Text size


The Rise & Rise of Electric Cars

The Rise & Rise of Electric Cars


Motoring journalist, John Swift, looks at the continued rise in popularity of all-electric and hybrid cars.

Almost daily we read of another car maker plugging into the electric vehicle revolution and announcing a new battery powered model due out soon.

DS, the luxury and sporting arm of the Peugeot Citroen (and now Vauxhall) group, is just the latest to say it will soon unveil its first all-electric car. We’ll get to see it this September at the Paris Motor Show and it should be on sale next year.

DS Logo coming soon a new all-electric DS car

Unusually, although perhaps in a brilliant masterstroke, the DS will not be a high-expense car, but a small hatchback or more likely a compact SUV and its technology could underpin the next generation Peugeot 208 in electric form, the Citroen C3 and possibly a future Vauxhall Corsa.

Its targeted range? 280 miles…

That's a journey from Chester to Plymouth on just one charge! No range anxiety with this electric car.

M5 motorway to the all towns South West

By 2025, DS will sell only plug-in hybrid or pure electric cars. Volvo has said that from next year every new model it launches will be electric or plug-in hybrid.

The VW group from Porsche to SEAT will have them, Jaguar is well on the way with its I-PACE being joined by the all new XJ in 2019/2020. From Ford to Ferrari and Bentley to BMW, any car maker who wants to stay in business will have to have pure electric or hybrids and have them quickly.

Bright orange Jaguar i-Pace on display at the Geneva Motor Show

Anyone in the car trade will tell you that the focus is China, the biggest car market in the world for EV growth, but the UK is still a significant place too. What makes us attractive to car makers is the rate of growth here. Despite the well-publicised restraints on electric cars such as their cost, availability of recharging points and getting them serviced, the fact remains that in the past three years the number of them on UK roads has more than doubled. (Up by 128% if you want to be precise.)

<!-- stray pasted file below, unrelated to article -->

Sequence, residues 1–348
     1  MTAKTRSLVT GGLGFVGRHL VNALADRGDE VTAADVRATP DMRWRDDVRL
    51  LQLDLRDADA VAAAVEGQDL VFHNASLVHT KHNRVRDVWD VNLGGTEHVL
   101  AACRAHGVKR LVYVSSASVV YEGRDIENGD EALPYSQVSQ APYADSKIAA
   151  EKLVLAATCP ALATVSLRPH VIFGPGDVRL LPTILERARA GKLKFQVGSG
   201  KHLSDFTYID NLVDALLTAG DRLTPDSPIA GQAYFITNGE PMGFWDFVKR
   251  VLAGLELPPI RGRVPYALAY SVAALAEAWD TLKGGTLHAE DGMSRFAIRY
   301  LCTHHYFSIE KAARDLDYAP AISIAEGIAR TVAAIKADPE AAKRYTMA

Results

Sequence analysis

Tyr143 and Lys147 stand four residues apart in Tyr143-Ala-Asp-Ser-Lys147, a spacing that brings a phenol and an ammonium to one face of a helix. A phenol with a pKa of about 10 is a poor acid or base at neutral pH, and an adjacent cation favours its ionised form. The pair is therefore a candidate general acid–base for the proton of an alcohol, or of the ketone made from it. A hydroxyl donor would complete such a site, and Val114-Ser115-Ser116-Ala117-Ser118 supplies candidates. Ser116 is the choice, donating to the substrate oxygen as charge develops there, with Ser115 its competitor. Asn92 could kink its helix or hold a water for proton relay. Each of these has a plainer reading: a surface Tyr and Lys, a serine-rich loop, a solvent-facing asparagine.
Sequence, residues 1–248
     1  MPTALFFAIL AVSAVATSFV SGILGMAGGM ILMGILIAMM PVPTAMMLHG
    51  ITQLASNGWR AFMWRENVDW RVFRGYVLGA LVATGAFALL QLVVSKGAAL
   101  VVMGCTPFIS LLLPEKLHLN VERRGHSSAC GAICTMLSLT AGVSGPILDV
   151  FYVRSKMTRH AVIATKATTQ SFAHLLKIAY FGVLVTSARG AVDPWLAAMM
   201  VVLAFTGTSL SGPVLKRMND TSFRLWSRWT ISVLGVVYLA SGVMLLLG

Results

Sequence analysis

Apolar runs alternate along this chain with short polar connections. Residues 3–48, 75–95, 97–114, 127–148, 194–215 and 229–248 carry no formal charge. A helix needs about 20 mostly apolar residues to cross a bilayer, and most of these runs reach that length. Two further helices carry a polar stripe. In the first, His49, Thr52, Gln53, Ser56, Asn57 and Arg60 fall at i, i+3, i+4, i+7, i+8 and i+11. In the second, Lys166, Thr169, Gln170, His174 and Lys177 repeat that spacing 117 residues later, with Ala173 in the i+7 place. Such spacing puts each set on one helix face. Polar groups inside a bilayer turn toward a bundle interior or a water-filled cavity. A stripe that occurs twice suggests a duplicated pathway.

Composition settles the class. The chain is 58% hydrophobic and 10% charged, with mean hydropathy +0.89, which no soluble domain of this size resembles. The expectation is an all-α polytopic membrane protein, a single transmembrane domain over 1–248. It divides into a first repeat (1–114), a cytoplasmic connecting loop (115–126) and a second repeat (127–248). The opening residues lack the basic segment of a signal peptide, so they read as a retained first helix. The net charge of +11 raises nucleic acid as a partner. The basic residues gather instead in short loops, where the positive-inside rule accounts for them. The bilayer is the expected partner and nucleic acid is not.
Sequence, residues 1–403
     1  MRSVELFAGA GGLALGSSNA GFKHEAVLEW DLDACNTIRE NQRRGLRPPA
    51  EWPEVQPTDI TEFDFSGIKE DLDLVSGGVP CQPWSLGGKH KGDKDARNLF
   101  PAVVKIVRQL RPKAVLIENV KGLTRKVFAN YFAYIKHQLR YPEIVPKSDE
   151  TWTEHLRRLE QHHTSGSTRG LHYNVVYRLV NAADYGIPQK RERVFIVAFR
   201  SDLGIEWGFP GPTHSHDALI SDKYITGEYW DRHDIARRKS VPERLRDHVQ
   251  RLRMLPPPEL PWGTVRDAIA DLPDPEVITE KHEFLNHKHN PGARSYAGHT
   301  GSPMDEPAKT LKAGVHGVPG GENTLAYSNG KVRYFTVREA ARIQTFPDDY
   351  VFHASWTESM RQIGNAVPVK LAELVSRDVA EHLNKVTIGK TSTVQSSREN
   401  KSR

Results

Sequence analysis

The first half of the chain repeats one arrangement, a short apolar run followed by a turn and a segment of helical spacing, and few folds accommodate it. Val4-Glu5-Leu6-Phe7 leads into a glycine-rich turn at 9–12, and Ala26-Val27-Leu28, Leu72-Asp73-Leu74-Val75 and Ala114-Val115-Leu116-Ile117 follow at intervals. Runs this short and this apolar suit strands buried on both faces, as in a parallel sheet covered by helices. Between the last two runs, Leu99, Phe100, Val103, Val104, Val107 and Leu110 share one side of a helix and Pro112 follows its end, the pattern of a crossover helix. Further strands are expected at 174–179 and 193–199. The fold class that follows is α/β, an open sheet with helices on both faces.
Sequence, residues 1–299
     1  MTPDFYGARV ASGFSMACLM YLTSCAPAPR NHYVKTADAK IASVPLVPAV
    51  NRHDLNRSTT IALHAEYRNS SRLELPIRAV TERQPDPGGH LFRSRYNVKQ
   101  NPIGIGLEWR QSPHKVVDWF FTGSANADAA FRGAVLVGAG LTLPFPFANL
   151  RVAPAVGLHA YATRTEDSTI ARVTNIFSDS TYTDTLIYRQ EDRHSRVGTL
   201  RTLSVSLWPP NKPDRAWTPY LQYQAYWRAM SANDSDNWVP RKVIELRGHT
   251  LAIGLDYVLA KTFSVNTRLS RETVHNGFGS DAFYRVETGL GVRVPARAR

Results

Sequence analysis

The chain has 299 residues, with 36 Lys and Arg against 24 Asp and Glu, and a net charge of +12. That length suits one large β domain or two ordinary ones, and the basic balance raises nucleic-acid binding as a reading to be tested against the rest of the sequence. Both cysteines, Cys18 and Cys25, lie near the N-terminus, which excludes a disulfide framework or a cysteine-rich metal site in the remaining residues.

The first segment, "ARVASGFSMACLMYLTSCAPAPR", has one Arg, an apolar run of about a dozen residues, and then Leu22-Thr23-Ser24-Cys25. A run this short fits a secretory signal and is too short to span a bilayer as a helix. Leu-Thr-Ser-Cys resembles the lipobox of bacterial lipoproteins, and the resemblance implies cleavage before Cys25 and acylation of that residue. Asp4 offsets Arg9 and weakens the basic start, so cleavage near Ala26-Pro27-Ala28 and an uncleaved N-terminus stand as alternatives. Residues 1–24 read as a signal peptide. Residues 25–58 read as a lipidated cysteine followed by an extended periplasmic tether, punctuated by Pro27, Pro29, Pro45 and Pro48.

Between April 2015 and 2018 there were 21,000 more electric vehicles, a tiny number in the scale of things that’s true, but we can all see which way the wind is blowing. Five years from now the national car parc of some 32 million vehicles will look very different given the perfect market conditions for EVs.

White VW e-Up! parked on a pretty street with a young man looking back and admiring it

You can see the pull of growing customer demand in one direction and the push of manufacturer output giving us a much greater choice of models married to ever better technology, infrastructure, falling costs and growing confidence from the other.

Where they meet in the middle will be rich pickings for both buyers and sellers.

One motor trade analyst with an expertise in electric vehicles, Chris Plumb, who works for research group, cap hpi, said: “Drivers are showing growing confidence in the technology as the real-life ranges of vehicles increase and faster charging is available. Manufacturers also provide more choice with many now providing an all-electric option.

“Electric vehicles can also make financial sense with total cost of ownership and tax savings. Increasingly, people are saying they enjoy the driving experience in electric vehicles. As clean air zones roll out across the UK, we expect the popularity of these cars to continue to grow.”

Beautiful scene with blue clean skies

The top four best selling new electric vehicles so far in 2018 are:

● Nissan Leaf

● BMW i3

Volkswagen e-Golf

● Renault Zoe electric

Which electric cars have the longest range?

The top five electric cars (sold in the UK) by range come from just two manufacturers, Tesla and Volkswagen. Tesla is at the very premium end of the EV market and takes the 1,2 and 3 spots in the top five with its Tesla Model S, Model X and the Model 3. Volkswagen aims its electric cars at a wider market and comes in the 4 and 5 spot with the e-Golf and the e-Up!